Sheeler’s precisionism art often featured sharply defined, solid, angular planes of color.

Most of his compositions were epitomized by intense direct light which drew the viewer’s eye towards the various diagonal intersections of light and shadow, creating strong focal points in these hard-edged, geometric images. As is expected of Precisionism artists, American buildings, like factories, had become the modern equivalent of a cathedral. Seeing them as something of a substitute for religious experience. Even though these are such social structures, Sheeler’s images are often devoid of people. This could be an acknowledgment of the dichotomy between America’s explosive industrial progress and events such as the Great Depression which had devastated rural America at around the same time.

By the late 1940s, Sheeler’s artistic practice had undergone yet another substantial conversion, shifting from photographic realism towards more abstract compositions. His use of photography as a basis for his paintings involved a precise process of elimination. Sheeler either simplified or eliminated much of the detail in the photographic references. He then added imaginary shapes to add interest and dynamism.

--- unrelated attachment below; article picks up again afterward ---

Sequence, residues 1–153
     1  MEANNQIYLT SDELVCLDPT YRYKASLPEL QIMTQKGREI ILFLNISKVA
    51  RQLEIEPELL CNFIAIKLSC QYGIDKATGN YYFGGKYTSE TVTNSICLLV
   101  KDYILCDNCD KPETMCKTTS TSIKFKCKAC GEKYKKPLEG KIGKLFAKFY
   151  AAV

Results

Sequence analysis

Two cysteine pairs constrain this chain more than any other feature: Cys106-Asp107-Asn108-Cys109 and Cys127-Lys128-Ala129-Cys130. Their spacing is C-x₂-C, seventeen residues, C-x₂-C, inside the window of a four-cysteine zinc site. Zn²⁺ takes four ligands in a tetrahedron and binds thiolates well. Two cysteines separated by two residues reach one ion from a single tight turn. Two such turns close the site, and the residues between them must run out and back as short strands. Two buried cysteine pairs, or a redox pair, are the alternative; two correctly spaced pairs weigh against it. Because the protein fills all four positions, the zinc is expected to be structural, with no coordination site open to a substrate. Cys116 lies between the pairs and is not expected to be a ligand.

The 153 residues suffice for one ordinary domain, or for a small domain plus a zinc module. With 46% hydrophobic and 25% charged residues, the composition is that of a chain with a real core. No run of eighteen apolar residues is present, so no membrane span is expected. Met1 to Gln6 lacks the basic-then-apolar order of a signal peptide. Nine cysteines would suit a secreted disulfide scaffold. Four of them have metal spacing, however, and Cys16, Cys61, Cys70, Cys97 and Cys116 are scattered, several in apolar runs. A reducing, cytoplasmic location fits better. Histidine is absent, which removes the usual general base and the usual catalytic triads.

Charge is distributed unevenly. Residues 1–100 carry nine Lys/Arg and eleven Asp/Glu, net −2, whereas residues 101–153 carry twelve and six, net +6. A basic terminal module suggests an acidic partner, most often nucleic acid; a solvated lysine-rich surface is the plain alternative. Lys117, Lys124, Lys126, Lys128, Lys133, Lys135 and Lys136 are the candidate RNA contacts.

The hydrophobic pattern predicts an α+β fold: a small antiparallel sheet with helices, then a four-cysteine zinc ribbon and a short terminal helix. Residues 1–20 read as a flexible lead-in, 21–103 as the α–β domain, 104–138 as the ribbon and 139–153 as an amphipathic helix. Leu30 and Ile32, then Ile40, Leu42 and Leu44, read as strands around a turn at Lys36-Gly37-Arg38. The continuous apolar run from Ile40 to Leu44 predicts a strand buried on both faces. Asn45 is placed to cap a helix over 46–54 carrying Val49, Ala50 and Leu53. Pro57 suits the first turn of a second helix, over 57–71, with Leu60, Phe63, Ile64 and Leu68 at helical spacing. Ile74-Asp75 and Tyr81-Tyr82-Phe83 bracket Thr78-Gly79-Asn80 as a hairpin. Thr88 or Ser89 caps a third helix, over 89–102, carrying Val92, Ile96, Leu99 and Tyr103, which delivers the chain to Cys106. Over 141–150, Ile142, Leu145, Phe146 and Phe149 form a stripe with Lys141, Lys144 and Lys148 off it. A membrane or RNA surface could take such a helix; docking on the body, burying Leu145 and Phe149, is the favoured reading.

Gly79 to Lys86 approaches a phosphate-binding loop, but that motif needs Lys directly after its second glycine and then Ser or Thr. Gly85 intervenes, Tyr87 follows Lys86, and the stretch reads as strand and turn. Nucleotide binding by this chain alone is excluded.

Famous Precisionism Paintings The Kitchen (1937) by Charles Sheeler; Scuttlebutte, Public domain, via Wikimedia Commons

Oscillating between realism and abstraction, this painting was not shy about its European influences. Sheeler looked up to pioneers of European abstraction like Pablo Picasso. Nonetheless, he strove for his work to appear not European but distinctly American. To this end, Sheeler produced a series of paintings featuring the factory complex. Of this series, it was the classic landscape Stacks in Celebration (1954), which became a phenomenal success and one of the most well-known and widely exhibited of its era.